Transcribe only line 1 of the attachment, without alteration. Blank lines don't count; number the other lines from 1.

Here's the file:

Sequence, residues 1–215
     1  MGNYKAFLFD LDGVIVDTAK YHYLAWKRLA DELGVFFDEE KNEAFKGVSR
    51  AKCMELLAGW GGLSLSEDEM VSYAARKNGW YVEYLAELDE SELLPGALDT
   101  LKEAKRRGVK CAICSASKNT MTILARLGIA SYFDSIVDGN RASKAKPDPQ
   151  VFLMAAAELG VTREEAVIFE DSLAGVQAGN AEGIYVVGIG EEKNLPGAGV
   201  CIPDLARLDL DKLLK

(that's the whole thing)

Sequence, residues 1–215